On extending audio feedback loops to include electrodynamic speakers
Beck, Earl R. (Earl Ray), 1916-, Jr
Pfeiffer, Paul E.
Master of Science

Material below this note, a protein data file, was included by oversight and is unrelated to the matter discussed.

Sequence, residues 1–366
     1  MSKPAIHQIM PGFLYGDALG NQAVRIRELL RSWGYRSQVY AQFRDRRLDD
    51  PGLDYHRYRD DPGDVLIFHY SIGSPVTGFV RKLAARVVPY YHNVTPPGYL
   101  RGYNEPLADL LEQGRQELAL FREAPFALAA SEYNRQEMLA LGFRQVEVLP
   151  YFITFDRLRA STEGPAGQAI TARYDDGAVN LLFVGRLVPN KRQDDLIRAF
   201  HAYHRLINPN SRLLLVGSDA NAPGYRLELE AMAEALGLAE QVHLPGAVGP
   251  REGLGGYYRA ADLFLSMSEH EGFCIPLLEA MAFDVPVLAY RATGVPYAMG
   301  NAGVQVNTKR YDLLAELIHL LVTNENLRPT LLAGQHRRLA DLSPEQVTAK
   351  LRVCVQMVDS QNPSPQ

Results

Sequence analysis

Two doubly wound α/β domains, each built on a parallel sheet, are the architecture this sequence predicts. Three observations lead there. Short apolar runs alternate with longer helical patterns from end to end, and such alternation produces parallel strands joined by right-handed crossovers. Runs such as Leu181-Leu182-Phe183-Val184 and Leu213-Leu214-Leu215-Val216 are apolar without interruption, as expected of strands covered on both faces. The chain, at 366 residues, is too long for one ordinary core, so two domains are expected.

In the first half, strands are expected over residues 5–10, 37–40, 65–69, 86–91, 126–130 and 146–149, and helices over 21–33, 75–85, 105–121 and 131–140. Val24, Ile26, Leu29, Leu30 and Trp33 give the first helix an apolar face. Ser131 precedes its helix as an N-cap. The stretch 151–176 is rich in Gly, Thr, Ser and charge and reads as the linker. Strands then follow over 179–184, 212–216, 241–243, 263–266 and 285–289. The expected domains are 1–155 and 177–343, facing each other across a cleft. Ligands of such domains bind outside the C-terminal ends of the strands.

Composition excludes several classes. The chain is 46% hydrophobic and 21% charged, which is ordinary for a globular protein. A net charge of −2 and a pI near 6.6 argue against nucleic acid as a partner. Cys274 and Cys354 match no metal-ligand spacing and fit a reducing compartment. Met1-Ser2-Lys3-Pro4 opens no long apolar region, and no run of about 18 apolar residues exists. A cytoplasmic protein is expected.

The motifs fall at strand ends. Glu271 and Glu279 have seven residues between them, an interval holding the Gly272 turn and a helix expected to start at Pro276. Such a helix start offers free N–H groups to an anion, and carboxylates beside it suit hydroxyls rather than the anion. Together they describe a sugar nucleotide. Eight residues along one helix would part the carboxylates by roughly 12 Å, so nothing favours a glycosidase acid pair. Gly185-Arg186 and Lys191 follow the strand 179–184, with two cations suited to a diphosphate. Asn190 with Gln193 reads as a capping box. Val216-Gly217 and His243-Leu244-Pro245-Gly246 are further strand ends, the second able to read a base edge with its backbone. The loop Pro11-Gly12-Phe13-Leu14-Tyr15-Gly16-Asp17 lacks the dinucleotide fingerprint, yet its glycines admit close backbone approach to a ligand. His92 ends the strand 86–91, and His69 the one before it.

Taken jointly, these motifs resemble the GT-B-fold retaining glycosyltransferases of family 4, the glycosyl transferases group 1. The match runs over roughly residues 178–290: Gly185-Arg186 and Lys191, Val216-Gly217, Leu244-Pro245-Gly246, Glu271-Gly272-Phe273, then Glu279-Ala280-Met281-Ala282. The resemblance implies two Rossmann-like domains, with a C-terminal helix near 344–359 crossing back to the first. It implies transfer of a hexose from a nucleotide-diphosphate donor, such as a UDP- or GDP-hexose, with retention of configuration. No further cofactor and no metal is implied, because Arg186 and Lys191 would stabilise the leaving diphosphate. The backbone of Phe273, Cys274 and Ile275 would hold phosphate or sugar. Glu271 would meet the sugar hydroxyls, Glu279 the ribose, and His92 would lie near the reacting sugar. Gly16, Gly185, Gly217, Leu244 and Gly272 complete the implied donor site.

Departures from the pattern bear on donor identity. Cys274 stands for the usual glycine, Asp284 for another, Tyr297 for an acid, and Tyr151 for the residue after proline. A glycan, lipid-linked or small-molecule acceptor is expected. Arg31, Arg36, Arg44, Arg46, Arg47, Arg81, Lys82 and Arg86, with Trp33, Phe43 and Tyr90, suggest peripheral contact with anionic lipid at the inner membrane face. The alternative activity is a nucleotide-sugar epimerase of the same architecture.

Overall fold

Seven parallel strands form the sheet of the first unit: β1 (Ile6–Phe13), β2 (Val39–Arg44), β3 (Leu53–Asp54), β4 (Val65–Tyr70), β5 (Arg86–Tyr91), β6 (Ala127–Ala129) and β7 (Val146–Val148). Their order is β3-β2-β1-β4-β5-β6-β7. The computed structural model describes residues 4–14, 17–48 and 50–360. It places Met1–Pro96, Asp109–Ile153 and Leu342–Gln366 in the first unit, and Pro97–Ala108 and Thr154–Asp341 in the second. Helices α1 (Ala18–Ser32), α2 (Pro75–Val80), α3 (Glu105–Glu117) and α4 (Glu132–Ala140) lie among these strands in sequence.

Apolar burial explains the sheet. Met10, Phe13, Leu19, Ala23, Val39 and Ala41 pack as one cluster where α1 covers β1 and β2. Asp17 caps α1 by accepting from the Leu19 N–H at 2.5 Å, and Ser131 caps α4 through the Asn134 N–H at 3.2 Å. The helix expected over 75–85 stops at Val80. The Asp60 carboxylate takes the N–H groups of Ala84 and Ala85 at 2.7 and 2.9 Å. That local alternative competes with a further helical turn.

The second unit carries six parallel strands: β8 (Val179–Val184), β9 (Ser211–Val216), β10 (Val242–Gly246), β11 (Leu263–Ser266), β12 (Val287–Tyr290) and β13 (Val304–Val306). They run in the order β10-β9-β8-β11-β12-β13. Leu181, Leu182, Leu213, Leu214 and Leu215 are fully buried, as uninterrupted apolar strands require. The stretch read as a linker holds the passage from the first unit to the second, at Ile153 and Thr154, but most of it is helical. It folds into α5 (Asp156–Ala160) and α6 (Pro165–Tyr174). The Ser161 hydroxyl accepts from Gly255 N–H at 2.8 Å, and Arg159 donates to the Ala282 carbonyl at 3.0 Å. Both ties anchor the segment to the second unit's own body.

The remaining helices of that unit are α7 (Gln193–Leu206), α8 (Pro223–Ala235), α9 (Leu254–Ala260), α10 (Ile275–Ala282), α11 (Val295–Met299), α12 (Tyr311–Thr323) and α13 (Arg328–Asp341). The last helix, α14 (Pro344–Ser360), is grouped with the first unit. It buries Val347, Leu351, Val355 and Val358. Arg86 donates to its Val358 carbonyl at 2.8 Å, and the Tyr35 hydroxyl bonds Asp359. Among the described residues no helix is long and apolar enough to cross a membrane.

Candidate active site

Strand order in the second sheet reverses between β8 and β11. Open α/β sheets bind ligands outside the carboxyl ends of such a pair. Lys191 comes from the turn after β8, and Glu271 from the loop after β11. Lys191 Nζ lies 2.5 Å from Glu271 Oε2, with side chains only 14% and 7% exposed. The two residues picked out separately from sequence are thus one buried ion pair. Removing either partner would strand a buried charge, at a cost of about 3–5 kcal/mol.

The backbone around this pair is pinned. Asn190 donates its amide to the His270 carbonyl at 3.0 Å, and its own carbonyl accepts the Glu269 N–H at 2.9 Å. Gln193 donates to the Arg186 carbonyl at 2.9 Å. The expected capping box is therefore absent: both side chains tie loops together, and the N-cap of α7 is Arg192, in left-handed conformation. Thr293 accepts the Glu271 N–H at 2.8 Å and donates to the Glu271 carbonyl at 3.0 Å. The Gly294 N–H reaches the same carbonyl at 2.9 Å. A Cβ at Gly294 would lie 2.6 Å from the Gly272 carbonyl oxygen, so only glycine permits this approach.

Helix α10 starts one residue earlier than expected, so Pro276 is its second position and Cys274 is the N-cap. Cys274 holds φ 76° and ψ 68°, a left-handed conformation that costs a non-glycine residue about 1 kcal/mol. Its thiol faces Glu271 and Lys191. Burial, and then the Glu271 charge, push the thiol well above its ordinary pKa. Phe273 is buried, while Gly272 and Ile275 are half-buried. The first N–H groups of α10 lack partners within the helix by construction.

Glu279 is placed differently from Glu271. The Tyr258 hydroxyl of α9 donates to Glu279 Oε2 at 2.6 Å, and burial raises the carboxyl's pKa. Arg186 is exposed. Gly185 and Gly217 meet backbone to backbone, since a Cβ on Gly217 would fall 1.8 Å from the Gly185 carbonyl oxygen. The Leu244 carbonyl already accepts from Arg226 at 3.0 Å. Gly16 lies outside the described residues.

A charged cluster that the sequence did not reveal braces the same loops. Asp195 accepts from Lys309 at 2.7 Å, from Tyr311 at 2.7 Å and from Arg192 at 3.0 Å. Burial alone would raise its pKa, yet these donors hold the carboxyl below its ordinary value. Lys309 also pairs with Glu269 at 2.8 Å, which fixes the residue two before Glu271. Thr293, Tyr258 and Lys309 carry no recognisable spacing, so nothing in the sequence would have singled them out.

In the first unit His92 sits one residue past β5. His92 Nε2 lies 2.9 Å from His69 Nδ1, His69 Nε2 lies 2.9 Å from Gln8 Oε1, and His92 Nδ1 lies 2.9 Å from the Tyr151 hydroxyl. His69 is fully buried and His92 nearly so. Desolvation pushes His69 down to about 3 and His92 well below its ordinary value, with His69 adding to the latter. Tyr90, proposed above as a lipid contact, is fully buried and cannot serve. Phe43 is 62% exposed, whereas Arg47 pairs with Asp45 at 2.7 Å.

Summary. The purpose of the investigation was to determine the applicability of extending inverse feedback techniques to electrodynamic loudspeakers by finding first, what the general limitations were, and second, how much improvement in speaker characteristics could be secured. A simple lumped-constant representation of low-frequency speaker behavior was used for analysis of various types of electrical damping. Constants were determined for a typical speaker and mounting, and also for a suitable output transformer. The resulting combined equivalent circuit could be used to calculate the characteristics of the low-frequency cutoff, but was of little help for the upper cutoff. No simple, adequate representation of high-frequency speaker behavior could be found. An attempt was made to measure the frequency characteristics of the voice coil motional voltage by bridge measurements, but this was abandoned because of difficulties inherent in the method and lack of proper sized bridge elements. Three methods applicable to practical feedback systems were next used to obtain a speaker motional voltage. It was impossible to get usable high frequency data with two of the types, at least with the versions used, and the third gave misleading results. It appeared that the more obvious ways of obtaining a motional voltage were not as simple to use as one might expect from references in the literature. More accurate data obtained with a frequency modulation type of displacement pickup (whose output is much less convenient to use in a practical feedback system than the output of a velocity pick-up) put the upper limit to the use of feedback from 4 to 9 kc in a few typical cases, on a velocity to voice coil voltage basis, and with the latter held constant. Use of a high impedance amplifier would probably extend this limit at least one octave, but limitations in the measuring systems prevented finding the actual limit in this case. Transient response tests were made, and the results indicated qualitatively that electrical damping has noticeably less effect on speaker performance at the middle and high audio frequencies-than at the lower ones. This means that the beneficial effects of feedback would be less at the higher frequencies than at the low. Velocity-type feedback is potentially a useful means of controlling speaker damping and providing some distortion reduction in the speaker itself, at least in the range of piston action. Velocity-type feedback is a considerably more effective means of speaker damping than. the usual method of impedance reduction by feedback from the output of the amplifier. Further work is necessary to find the exact upper limit to the use of feedback with typical speakers, and to develop a velocity pickup which can cover all the usable feedback range. Frequency response and distortion tests on an actual speaker feedback system are needed to evaluate definitely the worth of such systems.